scott_grow

@positivelynatalie & @rebelrebel - I too agree with learning the language, but not everyone can do it. Some people just don't have the same skill for learning language that others do. If they try and can't get it down, it isn't their fault. Now for those
positivelynatalie's picture

positivelynatalie

@rebelrebel - I think you make a fair point about people learning the language and ditching an entitled attitude. In terms of whether or not this is "alarmism," I don't think it is. The three incidents mentioned here are ones that have been confirmed, but

rebelrebel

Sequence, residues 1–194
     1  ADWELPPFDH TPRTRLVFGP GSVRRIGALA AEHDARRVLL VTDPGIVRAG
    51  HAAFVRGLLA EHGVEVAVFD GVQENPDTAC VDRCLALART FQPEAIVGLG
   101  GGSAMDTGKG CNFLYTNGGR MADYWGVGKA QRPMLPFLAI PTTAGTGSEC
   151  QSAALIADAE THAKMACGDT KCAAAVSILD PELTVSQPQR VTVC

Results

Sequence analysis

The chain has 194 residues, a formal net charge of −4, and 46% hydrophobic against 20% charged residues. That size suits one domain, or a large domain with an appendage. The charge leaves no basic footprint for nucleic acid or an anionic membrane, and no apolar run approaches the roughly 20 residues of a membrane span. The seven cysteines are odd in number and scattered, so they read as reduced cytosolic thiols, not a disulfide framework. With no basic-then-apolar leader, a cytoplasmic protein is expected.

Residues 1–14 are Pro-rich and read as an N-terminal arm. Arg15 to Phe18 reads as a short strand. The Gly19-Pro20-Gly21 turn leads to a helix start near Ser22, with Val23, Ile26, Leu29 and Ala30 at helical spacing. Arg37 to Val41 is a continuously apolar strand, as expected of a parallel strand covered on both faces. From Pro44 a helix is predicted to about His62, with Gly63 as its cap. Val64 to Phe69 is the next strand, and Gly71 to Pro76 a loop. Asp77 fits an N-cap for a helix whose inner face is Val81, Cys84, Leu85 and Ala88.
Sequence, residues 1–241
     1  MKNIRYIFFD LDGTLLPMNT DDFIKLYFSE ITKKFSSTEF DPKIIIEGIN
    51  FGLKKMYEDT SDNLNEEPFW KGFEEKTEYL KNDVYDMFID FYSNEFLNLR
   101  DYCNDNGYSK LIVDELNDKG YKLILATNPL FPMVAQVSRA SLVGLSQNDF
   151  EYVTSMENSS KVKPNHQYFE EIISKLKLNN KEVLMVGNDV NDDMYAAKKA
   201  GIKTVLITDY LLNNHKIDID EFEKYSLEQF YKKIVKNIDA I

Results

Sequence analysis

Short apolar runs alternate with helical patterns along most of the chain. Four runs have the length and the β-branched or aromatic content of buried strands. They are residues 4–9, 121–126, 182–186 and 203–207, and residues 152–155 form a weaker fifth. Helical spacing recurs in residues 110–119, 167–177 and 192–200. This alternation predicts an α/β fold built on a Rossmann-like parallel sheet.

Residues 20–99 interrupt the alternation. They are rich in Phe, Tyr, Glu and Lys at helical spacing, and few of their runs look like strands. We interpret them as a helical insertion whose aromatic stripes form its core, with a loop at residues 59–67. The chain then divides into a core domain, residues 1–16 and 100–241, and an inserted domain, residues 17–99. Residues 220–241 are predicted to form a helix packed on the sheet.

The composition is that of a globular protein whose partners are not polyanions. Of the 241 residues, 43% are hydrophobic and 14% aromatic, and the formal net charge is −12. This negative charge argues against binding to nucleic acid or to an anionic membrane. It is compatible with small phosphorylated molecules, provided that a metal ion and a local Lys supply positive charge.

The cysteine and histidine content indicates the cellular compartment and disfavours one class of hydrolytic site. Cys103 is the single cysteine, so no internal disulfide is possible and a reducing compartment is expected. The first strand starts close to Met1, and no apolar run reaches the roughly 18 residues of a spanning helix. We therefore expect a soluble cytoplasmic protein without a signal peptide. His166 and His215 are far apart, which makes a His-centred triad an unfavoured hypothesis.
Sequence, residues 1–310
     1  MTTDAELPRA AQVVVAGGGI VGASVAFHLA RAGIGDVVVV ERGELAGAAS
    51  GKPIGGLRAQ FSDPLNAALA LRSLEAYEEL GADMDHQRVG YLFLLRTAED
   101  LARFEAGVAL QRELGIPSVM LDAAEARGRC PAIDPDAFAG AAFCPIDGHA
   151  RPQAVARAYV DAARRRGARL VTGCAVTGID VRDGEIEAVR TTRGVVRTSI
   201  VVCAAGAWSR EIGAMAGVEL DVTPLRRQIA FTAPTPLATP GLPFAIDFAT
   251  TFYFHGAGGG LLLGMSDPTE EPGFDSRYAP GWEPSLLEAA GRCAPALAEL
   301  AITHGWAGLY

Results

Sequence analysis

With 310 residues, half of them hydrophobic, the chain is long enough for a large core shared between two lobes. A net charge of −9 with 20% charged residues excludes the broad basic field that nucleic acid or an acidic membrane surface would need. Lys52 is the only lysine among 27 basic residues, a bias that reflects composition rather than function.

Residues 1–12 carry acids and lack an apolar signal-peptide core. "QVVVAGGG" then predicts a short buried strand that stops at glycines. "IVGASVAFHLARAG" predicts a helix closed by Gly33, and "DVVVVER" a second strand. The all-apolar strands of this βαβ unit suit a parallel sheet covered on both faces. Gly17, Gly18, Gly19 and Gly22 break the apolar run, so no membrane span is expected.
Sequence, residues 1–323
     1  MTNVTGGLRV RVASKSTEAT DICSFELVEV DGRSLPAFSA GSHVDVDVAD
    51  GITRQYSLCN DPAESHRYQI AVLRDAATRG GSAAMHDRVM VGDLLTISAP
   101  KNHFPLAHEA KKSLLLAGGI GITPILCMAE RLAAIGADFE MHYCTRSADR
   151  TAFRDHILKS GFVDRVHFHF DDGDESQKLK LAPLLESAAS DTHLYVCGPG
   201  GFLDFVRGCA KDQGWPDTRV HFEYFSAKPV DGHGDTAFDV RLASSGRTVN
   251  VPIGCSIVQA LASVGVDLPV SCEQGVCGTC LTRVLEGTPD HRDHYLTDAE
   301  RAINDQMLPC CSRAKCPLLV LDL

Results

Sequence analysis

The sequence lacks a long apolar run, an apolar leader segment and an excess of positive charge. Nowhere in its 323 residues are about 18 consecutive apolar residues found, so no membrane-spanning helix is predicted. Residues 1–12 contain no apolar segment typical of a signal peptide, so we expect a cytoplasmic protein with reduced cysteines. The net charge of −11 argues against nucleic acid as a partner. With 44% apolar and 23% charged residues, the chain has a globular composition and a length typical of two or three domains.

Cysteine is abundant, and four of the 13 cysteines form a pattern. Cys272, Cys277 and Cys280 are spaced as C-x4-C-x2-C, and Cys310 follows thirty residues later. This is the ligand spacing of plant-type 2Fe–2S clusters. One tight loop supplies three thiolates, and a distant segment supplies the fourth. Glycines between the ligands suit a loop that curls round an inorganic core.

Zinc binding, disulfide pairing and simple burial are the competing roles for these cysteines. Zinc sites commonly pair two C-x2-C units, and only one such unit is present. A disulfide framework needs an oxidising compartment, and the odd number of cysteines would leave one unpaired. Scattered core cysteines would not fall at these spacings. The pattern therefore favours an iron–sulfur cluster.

"The rise in violent crime in Beijing is a hot topic in expat circles. " For one, I wouldn't call three incidents in the span of two months a "rise" in violent crime, especially considering that one out of the three ( the one at Element) was more than likely some jackass acting out of line, thought the US Embassy characterized it as an unprovoked attack. I used to work on Sixth Street in Austin, TX while I was in college and we would see at least three fights a night, stabbings, some wannabe rappers shooting up a club, armed robberies, etc. All of this in a city that's one-nineteenth the size of Beijing, if that. And on Sixth Street there is a veritable ARMY of police officers in riot gear, whereas only a small contingent of Beijing police is needed to keep the peace on Bar Street. So City Weekend why don't you aim for more credibility with your articles and less alarmism. All in all Beijing is pretty safe, so stop feeding people's hysteria with this crap. That's like putting out an article that says "the rise in rapes of Chinese women by British expats has been on the rise" after that story came out about the drunken chav who got his dick knocked in the dirt. The first and the third were pretty bad incidents, but I think we should heed the moderate words of the Australian man in the first incident, "In his opinion, communication barriers and the current tensions make situations more difficult to diffuse, so it's best to avoid them if at all possible. He also made a point of saying that he hopes reports of these incidents will serve to make people more aware of their surroundings but not resentful towards Chinese people. Despite his experience, he stressed that (as with anywhere else in the world) most locals are genuinely good people and we shouldn't let these accounts cloud our judgement." He sounds like a decent, understanding guy unlike most of the whiny crybaby expats who have taken to feeling so persecuted since they voluntarily decided to move to China. I know many of you guys are white and aren't used to being marginalized in your own countries, where you are the beneficiaries of racism rather than the objects of it. But when you up and move to a country where you constitute a minority, you should expect to be treated like a minority. Speaking as an American, it's a shame to say that my fellow countrymen tend to carry around this sense of entitlement with them wherever they go and it nauseating. Which brings me to my other point, which is: learn the damn language. At least try. It's not as hard as you think. You can't come to China and expect everyone to accommodate you by speaking English. If people knew more words than cao ni ma and lai yi ge pijiu, they might not have such problems. Final point: Don't go to Bar Street. It's full of trash both Chinese and foreign. It's just a bunch of skeezy boozed up frat boy types oozing with testosterone and their rough, Chinese equivalents. Recipe for disaster.